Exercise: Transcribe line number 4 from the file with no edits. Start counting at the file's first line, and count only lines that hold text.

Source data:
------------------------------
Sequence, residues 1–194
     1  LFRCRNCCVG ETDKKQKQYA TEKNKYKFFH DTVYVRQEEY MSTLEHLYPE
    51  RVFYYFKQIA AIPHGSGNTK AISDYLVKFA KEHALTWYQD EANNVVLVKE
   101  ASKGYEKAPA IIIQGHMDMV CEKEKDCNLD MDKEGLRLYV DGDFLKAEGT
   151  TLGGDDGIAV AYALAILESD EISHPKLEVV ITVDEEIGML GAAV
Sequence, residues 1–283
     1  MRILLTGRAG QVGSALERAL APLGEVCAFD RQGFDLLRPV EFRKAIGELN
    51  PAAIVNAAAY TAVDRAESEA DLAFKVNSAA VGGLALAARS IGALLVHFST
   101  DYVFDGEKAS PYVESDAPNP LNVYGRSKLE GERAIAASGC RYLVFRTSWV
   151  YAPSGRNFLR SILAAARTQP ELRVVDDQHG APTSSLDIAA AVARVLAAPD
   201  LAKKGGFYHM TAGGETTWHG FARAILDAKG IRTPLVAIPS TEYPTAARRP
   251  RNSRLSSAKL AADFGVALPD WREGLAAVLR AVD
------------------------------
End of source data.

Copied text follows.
   101  ASKGYEKAPA IIIQGHMDMV CEKEKDCNLD MDKEGLRLYV DGDFLKAEGT